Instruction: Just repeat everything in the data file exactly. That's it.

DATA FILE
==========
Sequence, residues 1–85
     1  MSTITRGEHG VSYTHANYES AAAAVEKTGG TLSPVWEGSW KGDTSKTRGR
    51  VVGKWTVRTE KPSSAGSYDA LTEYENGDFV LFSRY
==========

Sequence, residues 1–85
     1  MSTITRGEHG VSYTHANYES AAAAVEKTGG TLSPVWEGSW KGDTSKTRGR
    51  VVGKWTVRTE KPSSAGSYDA LTEYENGDFV LFSRY